The Kennedy Autopsy By Jacob Hornberger

  • Author: Jacob Hornberger


The Kennedy autopsy is a key part of the Kennedy assassination that people have debated about for half a century. It is not the purpose of this book to engage in that debate. The purpose of this book is simply to focus on what happened at Bethesda Naval Hospital on the evening of November 22, 1963. What happened that night is so unusual that it cries out for truthful explanation even after all these years.

In this book, you will learn that

1. Kennedy’s body was actually delivered to the Bethesda morgue twice, at separate times and in separate caskets.

2. Some photographs and x-rays from the Kennedy autopsy went missing from the record, and other photographs in the record were forged or otherwise fraudulent.

3. The president’s body was altered by tampering with the wounds before the autopsy took place.

And much more.

The Kennedy Autopsy is an excellent overview of the deception that went on in secret at Bethesda Naval Hospital on the evening of November 22, 1963. Dozens of highly qualified medical professionals at Parkland Memorial Hospital in Dallas saw a large blown out wound in the back of President Kennedy’s head. Yet the official autopsy at Bethesda just 8 hours later reported no such wound.

How do we reconcile these two radically different views? Mr. Hornberger details the mysterious goings-on at Bethesda, and reveals the lying and duplicity by the House Select Committee on Assassinations (HSCA) in 1979. It wasn’t until the Assassination Records Board in 1998 produced records from the HSCA that demonstrated definitively that individuals who participated in JFK’s autopsy saw the same wound in the back of JFK’s head that was seen by the doctors in Dallas. The deception is breathtaking, and everyone who cares about truth and transparency in government should read this book.

– Amazon Review

See More See Less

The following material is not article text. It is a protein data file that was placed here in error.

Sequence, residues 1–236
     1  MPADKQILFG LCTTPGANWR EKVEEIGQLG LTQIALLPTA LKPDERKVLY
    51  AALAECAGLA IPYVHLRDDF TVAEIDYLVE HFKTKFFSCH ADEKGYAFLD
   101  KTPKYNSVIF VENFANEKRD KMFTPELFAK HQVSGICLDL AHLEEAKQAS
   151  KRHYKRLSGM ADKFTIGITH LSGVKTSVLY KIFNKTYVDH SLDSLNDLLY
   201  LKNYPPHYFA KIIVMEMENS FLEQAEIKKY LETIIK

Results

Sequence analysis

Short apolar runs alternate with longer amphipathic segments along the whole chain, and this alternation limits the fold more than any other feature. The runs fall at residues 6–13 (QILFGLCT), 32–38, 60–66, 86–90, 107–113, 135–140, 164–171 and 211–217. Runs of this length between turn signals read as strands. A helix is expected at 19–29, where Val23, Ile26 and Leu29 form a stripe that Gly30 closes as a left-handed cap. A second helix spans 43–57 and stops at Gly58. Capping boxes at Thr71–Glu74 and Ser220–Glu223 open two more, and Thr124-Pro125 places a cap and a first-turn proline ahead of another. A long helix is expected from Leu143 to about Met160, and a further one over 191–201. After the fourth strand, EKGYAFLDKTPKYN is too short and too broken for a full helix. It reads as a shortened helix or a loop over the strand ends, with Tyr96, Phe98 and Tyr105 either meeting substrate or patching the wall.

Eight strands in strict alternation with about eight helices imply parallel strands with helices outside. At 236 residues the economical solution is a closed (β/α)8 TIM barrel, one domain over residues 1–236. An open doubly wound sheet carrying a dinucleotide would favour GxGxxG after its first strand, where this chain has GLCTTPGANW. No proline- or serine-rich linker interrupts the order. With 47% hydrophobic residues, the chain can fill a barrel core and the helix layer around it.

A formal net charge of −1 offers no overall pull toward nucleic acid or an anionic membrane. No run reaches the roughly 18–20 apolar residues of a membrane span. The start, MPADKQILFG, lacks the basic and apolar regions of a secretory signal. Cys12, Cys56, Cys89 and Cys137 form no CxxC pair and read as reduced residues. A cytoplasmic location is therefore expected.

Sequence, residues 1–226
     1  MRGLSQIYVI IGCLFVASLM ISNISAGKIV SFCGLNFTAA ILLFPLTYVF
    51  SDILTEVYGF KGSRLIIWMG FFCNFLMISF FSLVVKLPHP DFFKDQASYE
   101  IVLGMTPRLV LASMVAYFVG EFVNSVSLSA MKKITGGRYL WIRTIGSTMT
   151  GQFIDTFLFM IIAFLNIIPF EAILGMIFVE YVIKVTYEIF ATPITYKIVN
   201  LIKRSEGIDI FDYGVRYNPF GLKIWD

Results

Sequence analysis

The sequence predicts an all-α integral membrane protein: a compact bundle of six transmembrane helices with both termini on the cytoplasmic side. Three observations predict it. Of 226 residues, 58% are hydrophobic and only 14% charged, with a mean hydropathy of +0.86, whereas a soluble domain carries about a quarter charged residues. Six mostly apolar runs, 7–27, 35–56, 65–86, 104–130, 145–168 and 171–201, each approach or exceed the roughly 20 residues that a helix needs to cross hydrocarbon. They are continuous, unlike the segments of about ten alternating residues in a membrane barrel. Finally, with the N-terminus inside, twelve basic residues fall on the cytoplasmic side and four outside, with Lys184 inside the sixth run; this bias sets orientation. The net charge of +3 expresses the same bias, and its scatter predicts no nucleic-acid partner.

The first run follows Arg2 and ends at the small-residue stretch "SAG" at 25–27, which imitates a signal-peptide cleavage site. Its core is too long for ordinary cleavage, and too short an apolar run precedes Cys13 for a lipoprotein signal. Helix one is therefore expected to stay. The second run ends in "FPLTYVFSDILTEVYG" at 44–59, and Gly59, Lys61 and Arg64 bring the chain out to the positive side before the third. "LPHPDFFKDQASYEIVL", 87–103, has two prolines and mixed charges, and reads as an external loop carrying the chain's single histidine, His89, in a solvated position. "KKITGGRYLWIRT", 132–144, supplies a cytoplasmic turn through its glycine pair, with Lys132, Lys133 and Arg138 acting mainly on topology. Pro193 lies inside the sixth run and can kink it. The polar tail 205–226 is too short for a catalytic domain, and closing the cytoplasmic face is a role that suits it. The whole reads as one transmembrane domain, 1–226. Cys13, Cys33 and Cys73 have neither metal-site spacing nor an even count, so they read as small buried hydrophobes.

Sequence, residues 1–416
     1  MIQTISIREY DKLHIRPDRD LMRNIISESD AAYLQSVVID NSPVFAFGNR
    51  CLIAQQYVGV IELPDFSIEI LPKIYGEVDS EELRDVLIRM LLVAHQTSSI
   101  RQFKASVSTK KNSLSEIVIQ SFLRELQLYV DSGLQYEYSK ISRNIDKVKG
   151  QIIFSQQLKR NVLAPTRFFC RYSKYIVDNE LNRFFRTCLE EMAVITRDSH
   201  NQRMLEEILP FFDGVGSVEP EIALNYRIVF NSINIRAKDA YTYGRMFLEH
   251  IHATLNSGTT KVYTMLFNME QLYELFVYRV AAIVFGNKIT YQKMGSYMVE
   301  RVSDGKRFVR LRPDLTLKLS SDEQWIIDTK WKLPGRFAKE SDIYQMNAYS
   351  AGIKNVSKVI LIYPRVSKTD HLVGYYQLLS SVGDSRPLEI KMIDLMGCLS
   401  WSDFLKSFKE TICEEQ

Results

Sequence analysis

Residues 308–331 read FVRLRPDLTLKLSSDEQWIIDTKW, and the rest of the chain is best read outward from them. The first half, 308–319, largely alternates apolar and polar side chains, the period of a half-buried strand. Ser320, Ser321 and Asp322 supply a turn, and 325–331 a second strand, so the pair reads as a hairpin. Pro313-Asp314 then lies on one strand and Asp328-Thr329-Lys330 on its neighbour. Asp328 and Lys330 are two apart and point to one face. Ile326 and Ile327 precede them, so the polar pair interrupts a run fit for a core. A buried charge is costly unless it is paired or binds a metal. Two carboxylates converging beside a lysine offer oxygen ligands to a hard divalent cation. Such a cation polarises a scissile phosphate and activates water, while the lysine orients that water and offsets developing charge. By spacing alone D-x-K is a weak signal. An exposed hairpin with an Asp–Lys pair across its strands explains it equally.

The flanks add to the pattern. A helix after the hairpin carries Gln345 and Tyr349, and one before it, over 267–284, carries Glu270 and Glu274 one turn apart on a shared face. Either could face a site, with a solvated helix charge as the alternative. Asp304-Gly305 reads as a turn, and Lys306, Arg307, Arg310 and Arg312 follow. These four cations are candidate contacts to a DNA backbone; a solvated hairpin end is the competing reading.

• Reagan Rothbard

    The Kennedy Autopsy

    I just downloaded The Kennedy Autopsy by Jacob Hornberger. Has anyone read it yet? I don’t typically spend time on this kind of thing, but its pretty nuts.  

    Jump to Discussion Post 6 replies
  • Mark McCammon

    How to Simplify the Tax Code

    It can be a challenge to keep up with all the taxes one needs to pay throughout the year, and than to deal with all the paperwork that needs to be filed can be frustrating. What would be a good way to simplify the Tax Code? Below is a list of some of the taxes that we the people need to pay, or at least we experience their effects at one time or another. -Medicare, Medicare, Social Security, Federal Inocme Tax, State tax, Local Tax, Corporate tax, Sales Tax, Property Tax, estate tax, alcohol tax, tobacco tax, gift tax, tariffs on imports and exports, etc. Would a simple flat or consumption tax do the trick?

    Jump to Discussion Post 2 replies
  • Andrew Lepkowski

    Venezuela: Violence is the last resort

    Venezuela has the highest violent crime rate in the world. Though it is not moral or justified, people choose violence over starvation when there are no alternatives. Of course, “we” libertarians all know that this situation was created by government/s coercion’s consequences, but so few among the greater population seem to recognize that. It seems like a similar fate faces the whole world.

    Jump to Discussion Post 3 replies
  • Reagan Rothbard

    Ukraine and Foreign Policy

    How do you think a non-aggressionist should think about what is happening in the Ukraine?

    Jump to Discussion Post 10 replies
  • Jonathan Gillispie

    How limited should government be?

    This is a question that libertarians and constitutional conservatives have different views and answers on. Some libertarians are anarchist and want no state to exist per Murray Rothbard. Others prefer a LIMITED govt that only provides certain services like police, courts & military per Ludwig Von Mises; or even don’t a very limited welfare state per F.A. Hayek or the Chicago School of Economics. This forum is to sort out how limited govt should be according to what libertarians and anarchists think.

    Jump to Discussion Post 46 replies
  • Peter Lothian Nelson


    What chunks of the government can we eliminate instantly, and what parts need to stay in place for a month or three?

    Jump to Discussion Post 7 replies
  • Roderick T. Beaman